If you will deign me neither of these graces,

Yet feed your wrath, sir, rather than your lust,

(It is a vice comes nearer manliness,)

And punish that unhappy crime of nature,

Which you miscall my beauty; flay my face,

Or poison it with ointments, for seducing

Your blood to this rebellion. Rub these hands,

With what may cause an eating leprosy,

E'en to my bones and marrow: any thing,

That may disfavour me, save in my honour--

And I will kneel to you, pray for you, pay down

A thousand hourly vows, sir, for your health;

Report, and think you virtuous--
VOLP: Think me cold,

Frosen and impotent, and so report me?

That I had Nestor's hernia, thou wouldst think.

I do degenerate, and abuse my nation,

To play with opportunity thus long;

I should have done the act, and then have parley'd.

Yield, or I'll force thee.
CEL: O! just God!
VOLP: In vain--
BON [RUSHING IN]: Forbear, foul ravisher, libidinous swine!

Free the forced lady, or thou diest, impostor.

But that I'm loth to snatch thy punishment

Out of the hand of justice, thou shouldst, yet,

Be made the timely sacrifice of vengeance,

Before this altar, and this dross, thy idol.--

Lady, let's quit the place, it is the den

Of villany; fear nought, you have a guard:

And he, ere long, shall meet his just reward.
VOLP: Fall on me, roof, and bury me in ruin!

Become my grave, that wert my shelter! O!

I am unmask'd, unspirited, undone,

Betray'd to beggary, to infamy--

MOS: Where shall I run, most wretched shame of men,

To beat out my unlucky brains?

VOLP: Here, here.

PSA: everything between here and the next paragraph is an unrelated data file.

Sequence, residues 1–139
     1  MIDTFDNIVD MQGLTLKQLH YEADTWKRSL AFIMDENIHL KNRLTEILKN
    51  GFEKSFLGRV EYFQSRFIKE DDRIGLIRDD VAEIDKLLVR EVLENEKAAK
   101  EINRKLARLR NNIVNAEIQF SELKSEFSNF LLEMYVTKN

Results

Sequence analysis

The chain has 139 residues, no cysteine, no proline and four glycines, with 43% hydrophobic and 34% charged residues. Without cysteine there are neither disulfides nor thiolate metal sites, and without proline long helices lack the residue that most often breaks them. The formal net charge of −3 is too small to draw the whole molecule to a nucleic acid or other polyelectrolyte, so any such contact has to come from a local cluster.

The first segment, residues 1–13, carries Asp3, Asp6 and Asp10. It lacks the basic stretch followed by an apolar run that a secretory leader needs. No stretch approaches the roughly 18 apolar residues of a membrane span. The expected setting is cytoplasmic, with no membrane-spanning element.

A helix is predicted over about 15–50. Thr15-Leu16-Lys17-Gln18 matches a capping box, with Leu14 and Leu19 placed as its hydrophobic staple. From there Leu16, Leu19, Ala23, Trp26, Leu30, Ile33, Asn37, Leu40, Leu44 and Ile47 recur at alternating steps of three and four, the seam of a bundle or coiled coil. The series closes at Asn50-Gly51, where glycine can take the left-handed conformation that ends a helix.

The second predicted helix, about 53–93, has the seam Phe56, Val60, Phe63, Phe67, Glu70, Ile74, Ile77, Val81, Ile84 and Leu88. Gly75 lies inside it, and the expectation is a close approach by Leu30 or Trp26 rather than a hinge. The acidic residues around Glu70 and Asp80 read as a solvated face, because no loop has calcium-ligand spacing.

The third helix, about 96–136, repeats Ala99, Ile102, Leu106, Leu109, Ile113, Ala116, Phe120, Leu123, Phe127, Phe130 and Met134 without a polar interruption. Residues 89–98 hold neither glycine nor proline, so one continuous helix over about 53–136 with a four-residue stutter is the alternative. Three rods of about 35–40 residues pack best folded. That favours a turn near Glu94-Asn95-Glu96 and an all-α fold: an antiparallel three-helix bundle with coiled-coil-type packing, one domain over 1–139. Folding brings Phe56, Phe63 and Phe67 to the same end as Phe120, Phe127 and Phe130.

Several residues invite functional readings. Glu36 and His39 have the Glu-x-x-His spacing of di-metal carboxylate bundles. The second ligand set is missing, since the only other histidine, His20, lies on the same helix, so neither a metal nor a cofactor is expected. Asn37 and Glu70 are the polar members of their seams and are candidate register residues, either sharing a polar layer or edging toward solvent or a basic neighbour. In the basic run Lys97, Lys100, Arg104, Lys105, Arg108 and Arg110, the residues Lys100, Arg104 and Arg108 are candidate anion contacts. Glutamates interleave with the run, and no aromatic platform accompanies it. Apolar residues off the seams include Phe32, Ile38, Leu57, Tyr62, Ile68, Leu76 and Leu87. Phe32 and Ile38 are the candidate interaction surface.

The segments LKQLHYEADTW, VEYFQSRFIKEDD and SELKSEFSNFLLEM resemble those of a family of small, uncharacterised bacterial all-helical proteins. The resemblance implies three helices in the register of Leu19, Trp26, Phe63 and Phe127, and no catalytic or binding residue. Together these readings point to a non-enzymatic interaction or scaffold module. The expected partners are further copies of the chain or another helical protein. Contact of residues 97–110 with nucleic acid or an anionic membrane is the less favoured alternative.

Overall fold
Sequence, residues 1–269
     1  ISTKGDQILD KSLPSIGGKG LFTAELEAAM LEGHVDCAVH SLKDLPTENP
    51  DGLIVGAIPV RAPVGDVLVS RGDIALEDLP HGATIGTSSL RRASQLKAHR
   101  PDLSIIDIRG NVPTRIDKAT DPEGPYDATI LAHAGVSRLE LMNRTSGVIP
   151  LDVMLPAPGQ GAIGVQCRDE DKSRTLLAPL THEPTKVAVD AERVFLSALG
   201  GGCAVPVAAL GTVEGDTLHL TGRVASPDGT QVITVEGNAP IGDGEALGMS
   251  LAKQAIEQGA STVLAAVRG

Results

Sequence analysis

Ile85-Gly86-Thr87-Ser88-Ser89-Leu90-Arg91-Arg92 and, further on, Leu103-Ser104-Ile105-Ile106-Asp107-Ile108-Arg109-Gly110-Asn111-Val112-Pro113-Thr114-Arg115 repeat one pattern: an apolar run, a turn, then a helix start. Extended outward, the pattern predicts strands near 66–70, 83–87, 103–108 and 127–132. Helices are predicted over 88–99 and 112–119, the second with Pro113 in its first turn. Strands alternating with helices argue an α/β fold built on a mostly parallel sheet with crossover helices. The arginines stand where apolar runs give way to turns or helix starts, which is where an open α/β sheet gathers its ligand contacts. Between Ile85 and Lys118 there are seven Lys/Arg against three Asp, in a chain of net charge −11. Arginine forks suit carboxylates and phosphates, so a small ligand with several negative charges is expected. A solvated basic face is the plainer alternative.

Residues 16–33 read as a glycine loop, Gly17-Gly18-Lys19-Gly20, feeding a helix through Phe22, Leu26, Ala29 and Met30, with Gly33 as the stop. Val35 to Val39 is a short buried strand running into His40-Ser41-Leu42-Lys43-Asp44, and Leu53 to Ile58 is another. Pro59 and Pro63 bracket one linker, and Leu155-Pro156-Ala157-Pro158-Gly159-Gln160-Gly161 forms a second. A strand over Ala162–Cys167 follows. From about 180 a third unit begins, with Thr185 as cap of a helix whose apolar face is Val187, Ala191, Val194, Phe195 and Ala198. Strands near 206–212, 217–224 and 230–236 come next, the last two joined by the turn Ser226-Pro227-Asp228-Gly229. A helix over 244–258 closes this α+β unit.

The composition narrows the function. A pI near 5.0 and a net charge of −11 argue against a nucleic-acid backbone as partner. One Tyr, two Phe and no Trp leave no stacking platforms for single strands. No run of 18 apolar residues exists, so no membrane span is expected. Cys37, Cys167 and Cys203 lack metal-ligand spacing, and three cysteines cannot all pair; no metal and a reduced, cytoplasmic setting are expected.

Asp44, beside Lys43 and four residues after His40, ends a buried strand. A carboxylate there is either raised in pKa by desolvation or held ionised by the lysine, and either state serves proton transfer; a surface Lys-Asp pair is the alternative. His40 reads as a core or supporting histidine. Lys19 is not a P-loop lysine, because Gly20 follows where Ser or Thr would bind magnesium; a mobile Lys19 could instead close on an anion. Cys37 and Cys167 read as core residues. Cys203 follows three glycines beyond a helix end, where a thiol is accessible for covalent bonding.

What! dost thou bleed?

MOS: O that his well-driv'n sword

Had been so courteous to have cleft me down

Unto the navel; ere I lived to see

My life, my hopes, my spirits, my patron, all

Thus desperately engaged, by my error!
VOLP: Woe on thy fortune!
MOS: And my follies, sir.
VOLP: Thou hast made me miserable.
MOS: And myself, sir.

Who would have thought he would have harken'd, so?

VOLP: What shall we do?
MOS: I know not; if my heart

Could expiate the mischance, I'd pluck it out.

Will you be pleased to hang me? or cut my throat?

And I'll requite you, sir. Let us die like Romans,

Since we have lived like Grecians.
VOLP: Hark! who's there?

I hear some footing; officers, the saffi,

Come to apprehend us! I do feel the brand

Hissing already at my forehead; now,

Mine ears are boring.
MOS: To your couch, sir, you,

Make that place good, however.


--Guilty men

Suspect what they deserve still.


Signior Corbaccio!
CORB: Why, how now, Mosca?
MOS: O, undone, amazed, sir.

Your son, I know not by what accident,

Acquainted with your purpose to my patron,

Touching your Will, and making him your heir,

Enter'd our house with violence, his sword drawn

Sought for you, call'd you wretch, unnatural,

Vow'd he would kill you.
MOS: Yes, and my patron.
CORB: This act shall disinherit him indeed;

Here is the Will.

MOS: 'Tis well, sir.